KSP is Solving Crimes Through Scientific Technology

Many of those who know the intricate design of Kentucky’s Automated Fingerprint Identification Section (AFIS) have deemed it one of our agency’s best kept secrets. The complexity of what AFIS does and how the operations of the Kentucky State Police depend heavily on it, is often overlooked, even by most law enforcement personnel across the state of Kentucky. Television shows have made the phenomenon of forensics popular but sometimes unrealistic across the nation. However, latent fingerprinting plays a vital role in crime solving and has made tremendous advancements over the past few decades. Previously, the only way to store and classify criminal fingerprint cards was using the Henry System. However, due to continued technological improvements we are now able to store all fingerprint data, along with arrest descriptors, in digital form. This allows for millions of records to be stored in a small space and quickly retrieved. Since most prints are submitted electronically, via the LiveScan we are able to submit criminal arrests straight into the criminal history database. The AFIS system allows fingerprint analysts to perform thousands of comparisons in seconds to a databank of known prints. Fifty years ago an analyst could spend up to an hour making just one ten print comparison.

This section is responsible for supporting the State’s Criminal History Repository, maintaining the state’s criminal print database, and the development and identification of latent prints. Each process complements the other making them intermeshed and codependent. As a section, AFIS is broken down into three major groups: Tenprint Operations, Latent Operations, and AFIS System Administration. Tenprint Operations have the responsibility of overseeing entry and/or verification of the fingerprint records into the Automated Fingerprint Identification System. After a criminal booking is complete, prints submitted from the jail pass through a verification process that may require a tenprint operator to do a manual verification on the prints. This ensures that a new arrest is added to a criminals previous arrest record, or if necessary a new arrest record is created. The rolled fingerprint cards received via mail are always entered and verified by these operators. They also play a major role in the background check of thousands of individuals every year. Positions in the state of Kentucky that require a state or federal background check, via a set of fingerprints, will always require the tenprint operator’s assistance. Many criminals believe giving false information will allow them to deceive AFIS, but no matter the name, date of birth, or other demographic information the criminal gives at the time of arrest, AFIS will make a positive identification through fingerprint verification if a previous record exists. Many arrest records will have several aliases or different dates of birth, but the same prints. This is why AFIS is vital to background checks.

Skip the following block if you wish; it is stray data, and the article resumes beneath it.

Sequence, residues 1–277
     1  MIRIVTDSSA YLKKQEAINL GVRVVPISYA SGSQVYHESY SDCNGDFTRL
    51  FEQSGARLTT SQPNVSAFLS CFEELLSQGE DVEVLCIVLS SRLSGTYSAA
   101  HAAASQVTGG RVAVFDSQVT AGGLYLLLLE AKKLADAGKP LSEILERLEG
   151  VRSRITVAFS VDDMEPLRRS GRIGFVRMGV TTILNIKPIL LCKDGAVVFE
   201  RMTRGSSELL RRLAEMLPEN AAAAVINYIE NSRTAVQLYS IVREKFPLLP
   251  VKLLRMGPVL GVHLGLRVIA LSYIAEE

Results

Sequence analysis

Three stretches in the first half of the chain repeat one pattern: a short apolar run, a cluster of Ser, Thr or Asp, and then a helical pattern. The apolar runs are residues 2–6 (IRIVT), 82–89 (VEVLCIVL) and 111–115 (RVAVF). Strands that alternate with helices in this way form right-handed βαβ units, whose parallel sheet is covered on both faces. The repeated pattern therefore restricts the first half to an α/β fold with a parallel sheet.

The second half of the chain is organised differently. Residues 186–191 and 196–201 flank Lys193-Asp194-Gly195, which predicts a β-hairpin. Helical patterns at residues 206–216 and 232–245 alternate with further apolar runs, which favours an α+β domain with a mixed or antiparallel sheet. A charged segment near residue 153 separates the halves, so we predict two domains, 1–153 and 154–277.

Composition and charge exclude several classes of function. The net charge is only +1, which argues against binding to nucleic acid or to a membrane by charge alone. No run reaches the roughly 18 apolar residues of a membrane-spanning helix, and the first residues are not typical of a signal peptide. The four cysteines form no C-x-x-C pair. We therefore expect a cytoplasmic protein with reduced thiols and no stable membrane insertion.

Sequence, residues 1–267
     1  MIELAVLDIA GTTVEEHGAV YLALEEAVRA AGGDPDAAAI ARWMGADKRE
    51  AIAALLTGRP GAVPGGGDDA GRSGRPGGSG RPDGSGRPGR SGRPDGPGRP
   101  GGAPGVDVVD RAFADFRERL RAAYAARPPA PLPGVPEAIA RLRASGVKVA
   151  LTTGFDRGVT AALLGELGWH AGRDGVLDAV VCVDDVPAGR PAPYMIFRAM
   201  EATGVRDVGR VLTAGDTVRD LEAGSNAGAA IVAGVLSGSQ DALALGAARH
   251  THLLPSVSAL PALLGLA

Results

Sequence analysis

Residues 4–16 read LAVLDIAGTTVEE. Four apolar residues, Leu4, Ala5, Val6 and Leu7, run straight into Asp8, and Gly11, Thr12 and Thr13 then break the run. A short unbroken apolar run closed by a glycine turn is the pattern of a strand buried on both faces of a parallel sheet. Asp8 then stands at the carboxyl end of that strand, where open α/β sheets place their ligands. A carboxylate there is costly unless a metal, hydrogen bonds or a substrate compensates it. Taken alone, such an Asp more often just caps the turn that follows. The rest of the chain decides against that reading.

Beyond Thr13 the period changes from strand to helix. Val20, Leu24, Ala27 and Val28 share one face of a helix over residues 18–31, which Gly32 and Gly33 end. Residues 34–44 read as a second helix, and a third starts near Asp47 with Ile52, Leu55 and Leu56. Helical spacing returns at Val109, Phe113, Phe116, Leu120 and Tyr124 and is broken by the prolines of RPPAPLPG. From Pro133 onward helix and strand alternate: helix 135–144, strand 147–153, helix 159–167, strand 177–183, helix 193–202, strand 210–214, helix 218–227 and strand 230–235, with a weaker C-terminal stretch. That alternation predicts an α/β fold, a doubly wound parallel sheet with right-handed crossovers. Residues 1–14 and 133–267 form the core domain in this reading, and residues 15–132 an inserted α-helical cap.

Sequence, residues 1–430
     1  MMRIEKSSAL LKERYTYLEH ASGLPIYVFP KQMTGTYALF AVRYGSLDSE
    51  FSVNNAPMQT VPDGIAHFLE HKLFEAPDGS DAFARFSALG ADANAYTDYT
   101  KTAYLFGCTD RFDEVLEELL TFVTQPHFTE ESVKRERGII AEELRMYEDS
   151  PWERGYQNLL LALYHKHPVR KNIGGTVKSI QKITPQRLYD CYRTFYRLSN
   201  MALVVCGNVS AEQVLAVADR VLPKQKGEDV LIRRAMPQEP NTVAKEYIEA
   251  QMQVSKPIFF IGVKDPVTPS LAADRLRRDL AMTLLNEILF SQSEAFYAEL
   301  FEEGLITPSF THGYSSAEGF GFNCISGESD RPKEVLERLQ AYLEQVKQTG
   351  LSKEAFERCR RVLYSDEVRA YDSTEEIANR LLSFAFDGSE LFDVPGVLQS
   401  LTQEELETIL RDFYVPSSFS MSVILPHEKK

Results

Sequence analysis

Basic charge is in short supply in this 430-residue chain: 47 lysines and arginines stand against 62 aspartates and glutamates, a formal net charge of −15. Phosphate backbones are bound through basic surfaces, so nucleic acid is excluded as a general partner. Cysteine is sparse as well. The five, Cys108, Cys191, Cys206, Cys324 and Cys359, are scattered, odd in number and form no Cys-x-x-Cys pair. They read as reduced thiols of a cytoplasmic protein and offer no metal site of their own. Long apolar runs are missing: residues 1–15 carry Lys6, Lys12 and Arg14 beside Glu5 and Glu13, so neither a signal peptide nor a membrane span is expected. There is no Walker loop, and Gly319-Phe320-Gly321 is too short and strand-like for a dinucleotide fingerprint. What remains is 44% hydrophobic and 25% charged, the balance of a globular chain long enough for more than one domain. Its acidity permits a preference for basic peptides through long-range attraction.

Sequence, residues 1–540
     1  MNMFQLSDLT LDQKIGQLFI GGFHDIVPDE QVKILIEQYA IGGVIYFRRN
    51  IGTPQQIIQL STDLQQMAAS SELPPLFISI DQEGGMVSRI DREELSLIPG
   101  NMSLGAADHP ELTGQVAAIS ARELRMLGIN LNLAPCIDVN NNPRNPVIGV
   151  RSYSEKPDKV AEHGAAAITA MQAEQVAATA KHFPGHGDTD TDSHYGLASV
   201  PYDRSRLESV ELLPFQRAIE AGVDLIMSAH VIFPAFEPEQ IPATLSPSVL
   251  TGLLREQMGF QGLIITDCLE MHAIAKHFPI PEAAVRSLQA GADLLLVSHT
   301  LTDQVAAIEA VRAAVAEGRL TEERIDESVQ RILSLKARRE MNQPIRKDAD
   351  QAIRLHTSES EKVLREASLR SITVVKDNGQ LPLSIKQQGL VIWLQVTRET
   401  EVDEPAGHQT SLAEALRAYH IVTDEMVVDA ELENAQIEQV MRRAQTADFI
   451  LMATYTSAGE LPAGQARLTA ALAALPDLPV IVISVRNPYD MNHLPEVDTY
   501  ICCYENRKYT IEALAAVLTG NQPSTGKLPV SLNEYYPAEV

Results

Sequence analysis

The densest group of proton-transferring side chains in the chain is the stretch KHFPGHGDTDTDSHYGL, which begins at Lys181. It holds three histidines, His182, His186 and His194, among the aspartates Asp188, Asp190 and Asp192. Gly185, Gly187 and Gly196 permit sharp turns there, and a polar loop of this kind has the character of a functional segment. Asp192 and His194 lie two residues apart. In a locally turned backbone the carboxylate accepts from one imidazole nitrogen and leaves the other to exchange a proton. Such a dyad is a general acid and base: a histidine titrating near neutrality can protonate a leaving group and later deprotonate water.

Occasionally a situation arises when an individual who has been previously arrested for sex offenses in Kentucky has seemingly “slipped” through the system into a position that poses a threat to the children they interact with. Those situations have spawned many to ask the question, “How does a previous sex offender get a job as a school teacher or as a bus driver?” The answers to questions like this lie within the scope of fingerprinting. To give a simple answer to the question, the individual was never fingerprinted on the previous sex offense. Without a set of fingerprints supporting an arrest, the arrest will never go into the fingerprint database. In short, if no prints are entered into the system, no confirmation will occur when entering the subject into the system. This link inspired recent legislation in Kentucky that mandated every jail across the state to fingerprint criminals before their release. Every jail in the state has been provided the equipment needed to ensure that criminal fingerprints are properly submitted (i.e., LiveScan or ink and cards).